A possible approach to use such prior information has been developed in [7]. In that reference, the authors use Boolean logic to model signal transduction networks. In [8], the authors have used boolean models derived from prior information to model the heterogeneity of cancerous tissues. Furthermore, in [9] Boolean logic is used to model the Mitogen Activated Protein Kinase (MAPK) signal transduction network and the result of that modeling is shown in Figure 1. Here, each connecting wire corresponds to a variable which represents the state of the corresponding protein/gene. In this model each variable is assumed to have two states, an activated and a deactivated one. For example the state of EGFR will be upregulated or activated when the cell is exposed to EGF. The way the various variables are dependent on each other can be modeled using standard Boolean logic functions such as AND, OR, NOT, NAND, etc. This is shown in Figure 1. In [9] the authors presented a stuck-at fault model of the mutations which result in the neoplastic behavior of the tissue. A stuck-at-one fault corresponds to a variable permanently being in an activated state irrespective of the states of the variables upstream of it. Similarly a stuck-at-zero fault would mean a variable has a permanently downregulated state irrespective of the states of the other upstream variables. These “stuck” variables would however affect the variables downstream of them through the Boolean Logic gates which have these variables as inputs. To show how Boolean regulatory networks with stuck-at faults can be used to model cancerous tissue, we give the following examples. In 30% of human breast cancers there is an over expression of the ERBB2 gene [10]. This causes ligand independent firing translating to a stuck-at-one fault in the Boolean network. A stuck-at one fault at ERBB2 means that the variable corresponding to ERBB2 in the Boolean network shown in Figure 1 is always upregulated regardless of the activity status of the variables upstream of it. Similarly in 90% of the pancreatic cancer cases we see a mutated Ras gene which causes it to lose its gtpase activity [10]. In other words, we have a stuck-at-one fault associated with the Ras variable. Stuck-at faults could also be interpreted as points of dysregulation in the Boolean network brought about by certain genes irrespective of the presence of mutations.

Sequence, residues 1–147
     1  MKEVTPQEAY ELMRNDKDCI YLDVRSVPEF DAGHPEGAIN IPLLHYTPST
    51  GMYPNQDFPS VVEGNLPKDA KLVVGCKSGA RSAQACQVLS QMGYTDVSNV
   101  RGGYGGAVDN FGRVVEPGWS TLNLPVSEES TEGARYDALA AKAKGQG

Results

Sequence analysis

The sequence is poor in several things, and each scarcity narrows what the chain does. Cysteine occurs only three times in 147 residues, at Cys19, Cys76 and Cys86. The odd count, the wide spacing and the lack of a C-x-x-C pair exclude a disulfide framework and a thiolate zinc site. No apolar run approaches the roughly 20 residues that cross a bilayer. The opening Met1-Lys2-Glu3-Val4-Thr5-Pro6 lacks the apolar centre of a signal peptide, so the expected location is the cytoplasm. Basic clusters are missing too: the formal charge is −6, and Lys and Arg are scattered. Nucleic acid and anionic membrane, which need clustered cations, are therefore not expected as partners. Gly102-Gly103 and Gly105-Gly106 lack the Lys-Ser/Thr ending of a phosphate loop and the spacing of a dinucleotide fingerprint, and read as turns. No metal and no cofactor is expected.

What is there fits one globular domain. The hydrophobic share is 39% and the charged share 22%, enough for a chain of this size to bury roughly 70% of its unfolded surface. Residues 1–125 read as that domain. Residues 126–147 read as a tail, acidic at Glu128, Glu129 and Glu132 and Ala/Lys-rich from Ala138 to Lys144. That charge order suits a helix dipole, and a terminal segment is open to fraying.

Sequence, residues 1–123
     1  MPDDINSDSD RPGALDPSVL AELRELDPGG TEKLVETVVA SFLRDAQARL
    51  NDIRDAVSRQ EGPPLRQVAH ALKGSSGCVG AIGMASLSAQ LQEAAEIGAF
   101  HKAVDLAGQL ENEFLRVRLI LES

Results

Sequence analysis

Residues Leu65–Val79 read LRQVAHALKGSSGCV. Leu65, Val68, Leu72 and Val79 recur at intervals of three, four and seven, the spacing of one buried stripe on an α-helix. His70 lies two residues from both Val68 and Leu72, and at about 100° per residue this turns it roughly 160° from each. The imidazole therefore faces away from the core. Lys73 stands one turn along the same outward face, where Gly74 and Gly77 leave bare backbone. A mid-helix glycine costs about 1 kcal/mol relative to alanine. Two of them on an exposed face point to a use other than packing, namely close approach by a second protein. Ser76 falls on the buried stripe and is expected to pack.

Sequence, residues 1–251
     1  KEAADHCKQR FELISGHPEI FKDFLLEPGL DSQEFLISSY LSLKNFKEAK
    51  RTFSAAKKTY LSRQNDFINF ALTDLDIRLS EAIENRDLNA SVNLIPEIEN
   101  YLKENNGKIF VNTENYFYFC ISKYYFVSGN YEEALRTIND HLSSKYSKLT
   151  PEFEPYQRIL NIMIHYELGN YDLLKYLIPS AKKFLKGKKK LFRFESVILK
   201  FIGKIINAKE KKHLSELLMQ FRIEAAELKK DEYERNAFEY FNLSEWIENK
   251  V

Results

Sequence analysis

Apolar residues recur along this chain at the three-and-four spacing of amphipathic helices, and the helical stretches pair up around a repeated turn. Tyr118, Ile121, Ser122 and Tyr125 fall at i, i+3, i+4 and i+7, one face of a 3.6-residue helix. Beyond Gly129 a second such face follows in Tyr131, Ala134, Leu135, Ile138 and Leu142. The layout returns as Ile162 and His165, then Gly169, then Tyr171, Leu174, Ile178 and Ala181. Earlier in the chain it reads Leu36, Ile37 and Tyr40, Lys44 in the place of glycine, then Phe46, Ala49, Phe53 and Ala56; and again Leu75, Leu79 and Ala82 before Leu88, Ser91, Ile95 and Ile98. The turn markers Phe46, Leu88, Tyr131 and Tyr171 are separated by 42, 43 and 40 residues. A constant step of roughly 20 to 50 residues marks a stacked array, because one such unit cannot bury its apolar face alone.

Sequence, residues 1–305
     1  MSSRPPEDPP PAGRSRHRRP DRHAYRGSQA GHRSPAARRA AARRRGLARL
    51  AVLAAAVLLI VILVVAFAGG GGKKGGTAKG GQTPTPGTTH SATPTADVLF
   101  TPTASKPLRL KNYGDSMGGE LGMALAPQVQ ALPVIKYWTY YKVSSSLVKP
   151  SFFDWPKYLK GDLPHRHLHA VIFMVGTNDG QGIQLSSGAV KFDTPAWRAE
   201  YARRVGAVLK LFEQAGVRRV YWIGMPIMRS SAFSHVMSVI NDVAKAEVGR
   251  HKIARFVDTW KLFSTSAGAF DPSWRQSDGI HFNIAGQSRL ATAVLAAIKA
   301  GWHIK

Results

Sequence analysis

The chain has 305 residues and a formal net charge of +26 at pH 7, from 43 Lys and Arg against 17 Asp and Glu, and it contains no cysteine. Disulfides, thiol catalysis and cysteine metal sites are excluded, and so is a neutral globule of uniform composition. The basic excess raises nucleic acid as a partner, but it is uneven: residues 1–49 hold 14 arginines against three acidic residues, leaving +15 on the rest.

Figure 1